If we say that Jesus Christ is God's King, we had better listen to him carefully and follow his commands. It's unlikely that disciples had heard the words that the Father spoke at Jesus' baptism; probably only John and Jesus heard them. Virtually the same words were spoken in the hearing of three of his disciples while on the mount of transfiguration; it's clear that those words were intended to encourage Jesus' disciples to "listen to him" very carefully (Matthew 17:5). The meaning for us today is this: If Jesus is the Son of God, we had better "listen up" and "obey him"!
Apostle Peter says the same thing to his readers (2 Peter 1:16–19). With this, the writer to the Hebrews is in agreement when he writes, "For to which of the angels did God ever say, 'You are my Son; today I have become your Father?' Or again, 'I will be his Father, and he will be my Son'?" (Hebrews 1:5) And again, in Hebrews 2:1–3a, we're warned to not drift away from God and his Word.
Just as our Lord was baptized by the Spirit, designating him as the Son of God while empowering him for his mission, so every true saint is also baptized by his Spirit and empowered to serve him. Remember to keep God's commandments, without stain or reproach, until our Lord Jesus Christ appears to us.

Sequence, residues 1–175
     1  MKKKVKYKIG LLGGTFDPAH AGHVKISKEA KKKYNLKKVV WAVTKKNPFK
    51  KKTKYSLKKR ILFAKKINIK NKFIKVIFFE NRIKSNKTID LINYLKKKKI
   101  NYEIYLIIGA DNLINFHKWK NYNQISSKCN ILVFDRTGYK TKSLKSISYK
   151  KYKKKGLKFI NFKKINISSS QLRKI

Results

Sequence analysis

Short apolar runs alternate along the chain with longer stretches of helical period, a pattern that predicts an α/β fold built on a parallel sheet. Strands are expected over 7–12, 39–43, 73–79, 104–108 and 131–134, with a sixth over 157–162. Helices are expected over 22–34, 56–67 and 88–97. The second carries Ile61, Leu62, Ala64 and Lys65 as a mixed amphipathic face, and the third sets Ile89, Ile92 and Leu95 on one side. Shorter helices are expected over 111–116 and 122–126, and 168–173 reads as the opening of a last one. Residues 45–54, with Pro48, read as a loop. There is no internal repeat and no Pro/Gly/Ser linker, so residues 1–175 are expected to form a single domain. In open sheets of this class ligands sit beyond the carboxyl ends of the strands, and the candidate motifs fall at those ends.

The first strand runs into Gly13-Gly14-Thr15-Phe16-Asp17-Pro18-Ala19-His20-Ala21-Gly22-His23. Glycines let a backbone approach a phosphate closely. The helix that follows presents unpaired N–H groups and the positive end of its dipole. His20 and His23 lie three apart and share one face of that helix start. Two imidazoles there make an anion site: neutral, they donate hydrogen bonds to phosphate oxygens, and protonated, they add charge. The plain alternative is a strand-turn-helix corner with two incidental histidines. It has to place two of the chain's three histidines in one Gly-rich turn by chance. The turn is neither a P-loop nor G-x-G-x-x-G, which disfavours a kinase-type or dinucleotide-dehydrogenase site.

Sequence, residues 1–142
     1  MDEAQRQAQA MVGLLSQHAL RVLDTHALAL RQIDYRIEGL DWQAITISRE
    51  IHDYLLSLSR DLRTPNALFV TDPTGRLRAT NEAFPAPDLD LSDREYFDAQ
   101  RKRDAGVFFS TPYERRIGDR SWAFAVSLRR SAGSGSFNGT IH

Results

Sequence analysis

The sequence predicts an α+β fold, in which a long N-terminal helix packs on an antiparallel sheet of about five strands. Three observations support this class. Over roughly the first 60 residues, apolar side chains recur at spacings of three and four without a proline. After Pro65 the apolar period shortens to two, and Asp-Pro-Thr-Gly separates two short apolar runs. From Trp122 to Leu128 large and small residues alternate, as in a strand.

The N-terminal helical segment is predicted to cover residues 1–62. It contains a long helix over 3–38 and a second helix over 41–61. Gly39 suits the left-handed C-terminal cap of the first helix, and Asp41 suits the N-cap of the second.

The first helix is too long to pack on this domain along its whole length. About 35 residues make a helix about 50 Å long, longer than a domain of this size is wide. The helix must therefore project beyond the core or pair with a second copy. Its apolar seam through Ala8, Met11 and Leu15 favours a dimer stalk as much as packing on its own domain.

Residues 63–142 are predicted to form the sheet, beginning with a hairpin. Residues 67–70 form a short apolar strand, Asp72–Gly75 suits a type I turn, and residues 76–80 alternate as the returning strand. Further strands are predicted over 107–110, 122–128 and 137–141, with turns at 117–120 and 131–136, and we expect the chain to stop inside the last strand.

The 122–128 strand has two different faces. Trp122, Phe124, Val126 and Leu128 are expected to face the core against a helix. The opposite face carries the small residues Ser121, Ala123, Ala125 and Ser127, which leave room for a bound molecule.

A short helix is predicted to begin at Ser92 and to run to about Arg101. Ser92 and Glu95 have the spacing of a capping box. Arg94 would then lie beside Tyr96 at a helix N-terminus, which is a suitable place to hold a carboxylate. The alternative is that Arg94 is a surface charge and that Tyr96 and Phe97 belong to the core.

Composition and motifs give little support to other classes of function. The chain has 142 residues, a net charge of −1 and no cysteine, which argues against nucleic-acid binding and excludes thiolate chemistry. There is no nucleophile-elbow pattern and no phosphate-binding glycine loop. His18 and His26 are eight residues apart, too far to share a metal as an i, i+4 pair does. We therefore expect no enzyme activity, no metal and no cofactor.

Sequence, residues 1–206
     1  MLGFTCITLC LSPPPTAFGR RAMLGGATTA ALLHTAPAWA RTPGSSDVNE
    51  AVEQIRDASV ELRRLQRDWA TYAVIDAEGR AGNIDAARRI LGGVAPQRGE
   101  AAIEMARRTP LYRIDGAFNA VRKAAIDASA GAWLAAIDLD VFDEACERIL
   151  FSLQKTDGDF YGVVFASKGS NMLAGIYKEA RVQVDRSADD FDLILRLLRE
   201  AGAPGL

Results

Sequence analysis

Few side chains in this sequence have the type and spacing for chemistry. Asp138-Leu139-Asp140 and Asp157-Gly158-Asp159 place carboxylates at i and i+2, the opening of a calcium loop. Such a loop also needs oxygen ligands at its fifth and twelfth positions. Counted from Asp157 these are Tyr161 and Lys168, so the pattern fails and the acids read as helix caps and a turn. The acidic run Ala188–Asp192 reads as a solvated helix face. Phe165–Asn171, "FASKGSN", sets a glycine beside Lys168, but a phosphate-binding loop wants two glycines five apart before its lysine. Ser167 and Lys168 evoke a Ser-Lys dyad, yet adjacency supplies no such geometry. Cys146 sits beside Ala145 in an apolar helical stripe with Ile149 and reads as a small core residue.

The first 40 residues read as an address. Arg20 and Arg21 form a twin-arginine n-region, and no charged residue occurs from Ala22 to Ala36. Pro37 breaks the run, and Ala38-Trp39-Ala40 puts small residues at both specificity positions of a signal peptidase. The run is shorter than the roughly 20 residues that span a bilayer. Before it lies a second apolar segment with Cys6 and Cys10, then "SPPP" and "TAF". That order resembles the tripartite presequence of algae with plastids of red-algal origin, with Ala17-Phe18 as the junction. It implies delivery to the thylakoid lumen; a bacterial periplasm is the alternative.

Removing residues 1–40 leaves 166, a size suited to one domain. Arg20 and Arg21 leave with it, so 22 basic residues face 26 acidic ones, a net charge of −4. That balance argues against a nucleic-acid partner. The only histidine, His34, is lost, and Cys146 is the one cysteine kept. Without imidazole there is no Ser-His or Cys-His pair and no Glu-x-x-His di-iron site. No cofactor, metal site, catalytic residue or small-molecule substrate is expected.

It Makes You Wonder . . . .
- Q. 1 What three things happen at Jesus' baptism that make it unlike the others (vv. 21–22)?
- Q. 2 What's Luke's point in going all the way back to Adam? What do Adam and Jesus have in common?
- Q. 3 When in your life have you felt God's special touch, as if something new was beginning for you? What happened next?
This Week's Passage
The Baptism and Genealogy of Jesus
James Tissot was a French painter and illustrator. In 1885, Tissot experienced a re-conversion to Catholicism, which led him to spend the rest of his life illustrating the Bible. (See many more of Tissot's paintings [a href="http://www.theworkofgodschildren.org/collaboration/index.php?title=Category:James_Jacques_Joseph_Tissot" target="_blank"]on this page[/a] that depict Bible passages.)